I'm not sure what's in the weather but I posted a comment about Ole Miss tickets for this year on Facebook and within minutes, email communications would commence from guys I haven't spoken to in a long time. Maybe it's just the heat and we all long for cooler weather. The kind of weather that brings college football and fall foliage.
Hearing from all these guys from so many years ago would prompt me to tell a story from my college days. Now it's important to note that this is probably one of the only stories I can tell as the rest of them would get me in trouble.
And in keeping trouble under lock and key, we'll carefully venture back to Oxford, Mississippi when life revolved around a pair of lions that sat in front of an SAE house at Ole Miss.
Unlike the fraternity houses of today, the SAE house at the University of Mississippi was the epitome of old South. A little old lady by the name of Miss Carroll was our house mother. She must have been in her seventies and I recall she drank quite a bit. But who wouldn't living with 30 derelicts in starched khakis and wrinkled blazers all smoking Marlboro lights and drinking beer by ten in the morning. School was just something that got in the way of our social time.
There were two women that cooked for us under the direction of Phillip Shipp who was the kitchen manager and an upper class-man. The problems with being the kitchen manager were the continuous break-ins within our fraternity house kitchen. This absolutely rubbed the two cooks backwards and Phil caught hell for it as he was in charge. Day after day, Phil would let us all have it about the break-ins and how it was running up our food bill.
So how were they getting into the kitchen assuming the door was locked? Well it wasn't rocket science as every morning, the door lock had been beaten off with something. This was pretty common as once I saw a fraternity brother chopping down our house mother's door with an axe at three in the morning. "Come on out of there Miss Carroll! I know you're in there!"
With as much construction knowledge as a young college student would hold in his head, Phil went to the hardware store determined to create the ultimate break-in proof door deterrent. Complete with a brand new giant Master lock and hardened-steel shackle along with stainless steel chains, he spent hours drilling in new holes and fitting in a new zinc-plated hasp. This would be his finest masterpiece.
Sure enough, we came rolling in at three in the morning and that kitchen was locked down tighter than Fort Knox. No way we were getting in there that night.
We all sat down in the living room and Perry Galloway looked over at me and said, "You know they put chicken out to thaw for tomorrow. I saw them do it."
Now Perry Galloway was a kid from Yazoo City, Mississippi. He was generally quiet and never had much to say. But when he did, it was always to the point. When Perry was around, you could see him working things out in his head.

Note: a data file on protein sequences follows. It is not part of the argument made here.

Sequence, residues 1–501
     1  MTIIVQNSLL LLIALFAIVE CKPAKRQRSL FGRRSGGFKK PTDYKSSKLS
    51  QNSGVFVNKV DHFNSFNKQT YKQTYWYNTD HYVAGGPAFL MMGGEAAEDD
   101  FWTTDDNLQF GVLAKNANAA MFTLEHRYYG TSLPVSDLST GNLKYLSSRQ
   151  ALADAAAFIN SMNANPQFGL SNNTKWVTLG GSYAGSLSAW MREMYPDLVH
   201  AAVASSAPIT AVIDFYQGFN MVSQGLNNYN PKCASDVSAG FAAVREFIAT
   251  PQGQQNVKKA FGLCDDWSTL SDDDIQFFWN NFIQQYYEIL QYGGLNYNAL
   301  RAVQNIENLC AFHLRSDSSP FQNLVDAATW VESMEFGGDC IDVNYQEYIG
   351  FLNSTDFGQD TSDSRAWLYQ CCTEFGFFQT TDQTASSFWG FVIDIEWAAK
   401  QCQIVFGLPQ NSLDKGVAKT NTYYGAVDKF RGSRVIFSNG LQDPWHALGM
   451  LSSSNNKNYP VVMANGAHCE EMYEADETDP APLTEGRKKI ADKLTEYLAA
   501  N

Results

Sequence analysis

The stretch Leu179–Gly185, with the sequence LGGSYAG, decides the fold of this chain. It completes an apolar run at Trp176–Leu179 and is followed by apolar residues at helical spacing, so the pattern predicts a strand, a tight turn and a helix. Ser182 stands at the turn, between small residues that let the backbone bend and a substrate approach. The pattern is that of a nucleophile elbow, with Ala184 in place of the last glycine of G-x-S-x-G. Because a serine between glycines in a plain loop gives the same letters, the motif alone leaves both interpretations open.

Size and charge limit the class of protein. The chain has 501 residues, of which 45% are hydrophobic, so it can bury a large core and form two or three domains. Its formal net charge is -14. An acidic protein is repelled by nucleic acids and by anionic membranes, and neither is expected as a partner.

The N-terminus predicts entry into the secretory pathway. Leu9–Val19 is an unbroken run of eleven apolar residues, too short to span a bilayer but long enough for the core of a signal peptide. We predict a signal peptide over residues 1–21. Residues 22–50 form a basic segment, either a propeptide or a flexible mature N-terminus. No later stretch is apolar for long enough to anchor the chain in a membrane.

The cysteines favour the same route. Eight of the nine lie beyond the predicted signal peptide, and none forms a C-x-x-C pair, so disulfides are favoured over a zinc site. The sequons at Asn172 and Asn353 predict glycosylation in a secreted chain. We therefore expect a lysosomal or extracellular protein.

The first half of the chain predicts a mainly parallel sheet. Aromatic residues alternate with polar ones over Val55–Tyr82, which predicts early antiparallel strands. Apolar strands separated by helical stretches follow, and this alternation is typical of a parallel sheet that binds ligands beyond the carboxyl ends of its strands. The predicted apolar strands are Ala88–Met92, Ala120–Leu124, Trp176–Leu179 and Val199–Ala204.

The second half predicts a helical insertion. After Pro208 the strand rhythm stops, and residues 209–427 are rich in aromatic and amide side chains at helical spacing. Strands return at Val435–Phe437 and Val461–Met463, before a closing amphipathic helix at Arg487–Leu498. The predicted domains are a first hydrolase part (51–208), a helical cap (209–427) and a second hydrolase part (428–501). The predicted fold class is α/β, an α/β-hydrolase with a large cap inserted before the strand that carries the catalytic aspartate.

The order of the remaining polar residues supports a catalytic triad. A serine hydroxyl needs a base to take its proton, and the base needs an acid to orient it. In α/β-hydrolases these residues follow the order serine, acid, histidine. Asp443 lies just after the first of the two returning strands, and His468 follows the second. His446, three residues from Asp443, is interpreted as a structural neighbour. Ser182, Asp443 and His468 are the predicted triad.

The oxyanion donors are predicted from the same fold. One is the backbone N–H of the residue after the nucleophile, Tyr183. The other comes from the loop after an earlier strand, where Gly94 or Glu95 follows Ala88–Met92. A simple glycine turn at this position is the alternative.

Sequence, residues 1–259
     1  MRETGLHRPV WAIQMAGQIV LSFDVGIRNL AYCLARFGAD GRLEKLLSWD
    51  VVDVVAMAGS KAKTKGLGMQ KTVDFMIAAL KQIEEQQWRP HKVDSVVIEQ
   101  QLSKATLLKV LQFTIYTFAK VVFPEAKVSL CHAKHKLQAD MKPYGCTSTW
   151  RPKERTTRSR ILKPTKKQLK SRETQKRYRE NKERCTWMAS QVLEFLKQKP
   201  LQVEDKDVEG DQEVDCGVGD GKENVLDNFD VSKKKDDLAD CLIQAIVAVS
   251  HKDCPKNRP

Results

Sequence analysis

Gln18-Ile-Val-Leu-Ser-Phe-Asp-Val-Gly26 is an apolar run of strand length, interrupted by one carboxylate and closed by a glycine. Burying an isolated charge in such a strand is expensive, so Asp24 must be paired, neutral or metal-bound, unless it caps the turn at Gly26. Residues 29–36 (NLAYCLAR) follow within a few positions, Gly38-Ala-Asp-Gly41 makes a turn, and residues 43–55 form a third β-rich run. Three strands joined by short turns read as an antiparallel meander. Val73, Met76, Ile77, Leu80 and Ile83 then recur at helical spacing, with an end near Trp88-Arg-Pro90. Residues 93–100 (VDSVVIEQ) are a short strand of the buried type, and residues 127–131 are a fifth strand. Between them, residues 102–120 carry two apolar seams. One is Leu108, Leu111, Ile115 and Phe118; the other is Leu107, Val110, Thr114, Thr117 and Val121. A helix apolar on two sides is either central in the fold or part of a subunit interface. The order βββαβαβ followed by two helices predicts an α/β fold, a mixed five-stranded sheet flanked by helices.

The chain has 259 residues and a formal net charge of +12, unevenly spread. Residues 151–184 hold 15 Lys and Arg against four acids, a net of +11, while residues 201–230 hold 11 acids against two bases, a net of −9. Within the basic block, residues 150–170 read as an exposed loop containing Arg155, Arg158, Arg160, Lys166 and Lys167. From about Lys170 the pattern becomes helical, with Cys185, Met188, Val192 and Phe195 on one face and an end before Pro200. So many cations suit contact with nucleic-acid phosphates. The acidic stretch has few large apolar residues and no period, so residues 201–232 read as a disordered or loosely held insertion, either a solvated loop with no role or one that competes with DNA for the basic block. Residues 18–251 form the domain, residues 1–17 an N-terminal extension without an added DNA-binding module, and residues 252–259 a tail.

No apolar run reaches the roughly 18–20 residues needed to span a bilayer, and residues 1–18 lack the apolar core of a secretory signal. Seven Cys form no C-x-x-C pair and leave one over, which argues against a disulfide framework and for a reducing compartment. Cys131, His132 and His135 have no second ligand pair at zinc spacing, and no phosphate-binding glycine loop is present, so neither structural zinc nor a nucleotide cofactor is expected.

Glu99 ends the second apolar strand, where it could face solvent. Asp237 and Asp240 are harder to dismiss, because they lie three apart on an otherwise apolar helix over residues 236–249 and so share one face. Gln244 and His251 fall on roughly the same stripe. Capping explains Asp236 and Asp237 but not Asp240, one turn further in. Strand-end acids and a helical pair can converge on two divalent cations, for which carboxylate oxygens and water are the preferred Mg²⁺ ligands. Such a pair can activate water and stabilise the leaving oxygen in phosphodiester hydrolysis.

"So what do we do with a bunch of raw chicken?" I asked.
"We fry it," he replied.
Unbeknownst to me, Perry had been watching Norvel, one of the cooks, for months. He was infatuated with the deep fryer and just by watching her, had figured out how to work it. It was a big deep fryer and quite intimidating if you really didn't know what you were doing.
"You think you can get in there?" he asked me.
I went in the dining room and looked at Shipp's new lock. This was going to be tough as the chains were thick and the lock probably weighed five pounds.
I went outside to the entrance that was on the other side of the house. It was an old white door with a three panel glass window. I'm guessing it was original to the house as it had been painted numerous times.
I looked closely at the windows and about that time, Perry and the rest of the guys came around to the outside door to see what I was up to. "Go get me a screwdriver," I said and within minutes, someone had handed me the requested tool. I eased the dowel trim from the door pulling slowly so as not to bend the finish out nails. "I need a plunger." Within a minute, I had a plunger and had applied it to the glass so as to remove it from the door frame.
They quickly hoisted me into the kitchen where I unlocked the door. We had only flashlights as we knew that turning on the main lights would bring the heat.
Perry went over to the deep fryer, lit the fire and threw a fresh match in the grease. "That's how she does it. When that match lights, that grease is ready."
Sure enough, Perry was right on about the chicken. We immediately formed an assembly line and began seasoning, dipping and flouring well over 50 pieces of chicken. Perry threw them in the deep fryer until they were golden brown then dipping them out with a wire screen strainer, laid them gently onto a paper towel.
Laughing to ourselves, we sat and ate every piece of that chicken and to me it was the greatest meal of my college career. It wasn't that the chicken was all that special but that we were all together. A band of boys from all over the U.S. that virtually enjoyed every minute of every day together. And wouldn't take one minute back if we could.